This site is devoted primarily to Genealogy. The focus is on Jarrett, Stephenson and Brace. Links are provided to extensive listings of descendants and a few biographies.
You can stop the music by clicking the pause button in the console above this line.
Tombstone of John Jarrett
Dec. 21, 1779 - June 4, 1840
Zion Church Cemetery
Morgantown, Monongalia County, West Virginia
Photo courtesy of Al Jarrett, a descendant of Thomas Jarrett
We are especially interested in the Jarretts of West Virginia, the Ellerys of Rhode
Island, the Braces of New York and Indiana, and the Stephensons of New Jersey, Kentucky
If you have information on the names we list, pleaseemail us.
If you are using "Family Tree Maker," we can provide hundreds of entries on the Jarretts, Braces and Stephensons. Please email us and we will send FTM files.
William Jarrett, the father of John Jarrett, as well as other sons & daughters
(10 children total) was from Maryland, so he may be descended from the Jarrett family
of Harford County, MD. His father, John Jarrett was originally French Huguenot, and fled
from France to avoid Catholic persecution The Jarretts moved first to England, then to
Scotland, and, finally, to America. The first records of William Jarrett are from the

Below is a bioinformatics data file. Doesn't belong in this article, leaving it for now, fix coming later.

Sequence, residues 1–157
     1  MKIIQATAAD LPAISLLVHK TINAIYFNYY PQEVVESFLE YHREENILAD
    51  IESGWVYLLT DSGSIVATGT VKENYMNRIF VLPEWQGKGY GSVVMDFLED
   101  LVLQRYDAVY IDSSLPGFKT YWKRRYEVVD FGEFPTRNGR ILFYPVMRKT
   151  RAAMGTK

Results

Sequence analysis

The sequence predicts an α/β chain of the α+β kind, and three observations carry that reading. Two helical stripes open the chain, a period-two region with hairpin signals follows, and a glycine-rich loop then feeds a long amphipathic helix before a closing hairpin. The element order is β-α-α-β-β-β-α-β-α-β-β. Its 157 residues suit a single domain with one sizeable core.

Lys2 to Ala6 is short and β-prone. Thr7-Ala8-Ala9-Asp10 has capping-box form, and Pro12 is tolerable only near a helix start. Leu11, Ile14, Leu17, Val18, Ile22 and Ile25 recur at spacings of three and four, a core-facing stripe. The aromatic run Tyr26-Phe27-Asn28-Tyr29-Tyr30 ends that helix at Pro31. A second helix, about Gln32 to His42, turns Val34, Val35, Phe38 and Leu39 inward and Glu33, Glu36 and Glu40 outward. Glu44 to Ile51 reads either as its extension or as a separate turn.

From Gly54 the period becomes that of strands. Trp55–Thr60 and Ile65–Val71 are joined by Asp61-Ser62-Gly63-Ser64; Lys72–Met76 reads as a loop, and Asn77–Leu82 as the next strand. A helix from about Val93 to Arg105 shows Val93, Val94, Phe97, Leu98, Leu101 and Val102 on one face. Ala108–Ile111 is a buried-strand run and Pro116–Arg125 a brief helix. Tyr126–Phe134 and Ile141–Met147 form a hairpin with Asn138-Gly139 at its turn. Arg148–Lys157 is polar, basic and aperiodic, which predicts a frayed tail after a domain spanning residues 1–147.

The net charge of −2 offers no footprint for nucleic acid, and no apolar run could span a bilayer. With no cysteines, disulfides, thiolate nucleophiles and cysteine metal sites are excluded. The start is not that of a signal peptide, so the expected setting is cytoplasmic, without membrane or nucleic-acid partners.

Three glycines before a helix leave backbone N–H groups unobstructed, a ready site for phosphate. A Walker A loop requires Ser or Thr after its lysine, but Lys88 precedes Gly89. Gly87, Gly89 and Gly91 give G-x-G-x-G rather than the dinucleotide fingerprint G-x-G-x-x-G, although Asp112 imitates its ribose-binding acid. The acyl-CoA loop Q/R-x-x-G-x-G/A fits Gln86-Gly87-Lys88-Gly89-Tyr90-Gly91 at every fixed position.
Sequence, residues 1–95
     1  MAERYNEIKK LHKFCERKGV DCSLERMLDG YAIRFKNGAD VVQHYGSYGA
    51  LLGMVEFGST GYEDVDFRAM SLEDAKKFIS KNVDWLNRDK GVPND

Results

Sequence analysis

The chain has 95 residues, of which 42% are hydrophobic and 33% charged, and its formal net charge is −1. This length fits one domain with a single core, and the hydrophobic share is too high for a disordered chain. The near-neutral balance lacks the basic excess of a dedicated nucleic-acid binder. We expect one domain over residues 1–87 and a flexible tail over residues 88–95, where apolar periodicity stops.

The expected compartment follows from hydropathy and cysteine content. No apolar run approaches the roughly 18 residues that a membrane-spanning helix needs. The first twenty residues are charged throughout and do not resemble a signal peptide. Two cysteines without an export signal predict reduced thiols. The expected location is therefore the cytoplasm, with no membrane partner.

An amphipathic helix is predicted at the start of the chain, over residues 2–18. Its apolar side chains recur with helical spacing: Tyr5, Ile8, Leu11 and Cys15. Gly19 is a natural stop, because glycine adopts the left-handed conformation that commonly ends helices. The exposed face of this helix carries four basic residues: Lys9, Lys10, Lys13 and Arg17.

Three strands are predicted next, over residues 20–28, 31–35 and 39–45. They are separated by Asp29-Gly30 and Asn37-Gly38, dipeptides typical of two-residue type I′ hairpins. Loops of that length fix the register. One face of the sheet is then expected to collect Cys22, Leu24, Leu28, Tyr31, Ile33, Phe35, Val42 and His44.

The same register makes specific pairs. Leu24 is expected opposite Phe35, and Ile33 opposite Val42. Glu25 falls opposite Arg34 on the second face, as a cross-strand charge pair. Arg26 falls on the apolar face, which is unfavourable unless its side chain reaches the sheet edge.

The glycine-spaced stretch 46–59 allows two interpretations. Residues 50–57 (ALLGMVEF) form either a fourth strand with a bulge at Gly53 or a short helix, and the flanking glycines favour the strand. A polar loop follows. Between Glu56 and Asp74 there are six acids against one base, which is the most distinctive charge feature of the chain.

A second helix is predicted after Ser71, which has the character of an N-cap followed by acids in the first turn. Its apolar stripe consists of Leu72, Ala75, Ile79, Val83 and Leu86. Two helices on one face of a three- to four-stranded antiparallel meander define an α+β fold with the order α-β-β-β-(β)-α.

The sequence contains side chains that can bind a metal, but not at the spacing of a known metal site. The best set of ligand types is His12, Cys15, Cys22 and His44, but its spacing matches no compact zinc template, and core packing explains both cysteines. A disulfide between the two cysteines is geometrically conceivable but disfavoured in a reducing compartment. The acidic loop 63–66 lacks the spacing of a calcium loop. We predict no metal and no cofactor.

You can read more about William Jarrett by clicking the link on the left.
John M. Jarrett (1779-1840), the son of the above William Jarrett, and his wife,
Lewrannah Baker (1792-1878), the parents of Andrew Mayberry, Thomas Morris, and other
Jarrett descendants, moved with his family to Monongalia County, VA around 1811. They
lived in its eastern district near Ice’s Ferry. They had six sons and four daughters.
You can read more about John Jarrett by clicking the link on the left.
Thomas Morris Jarrett (1824-1911), the son of the above John M. Jarrett, & his
wife, Ellen W. McShane (1830-1882), were married Nov.7, 1846, in the Cheat Neck area of
Monongalia County, WV. They had seven sons & five daughters. Thomas is listed as a nail
cutter in the 1850 census. He continued in this occupation until 1859 when he became
superintendent of the Laurel Iron Works at Cheat Neck, the biggest and most important
iron company in
You can read more about Thomas Jarrett by clicking the link on the left.
Thanks for visiting!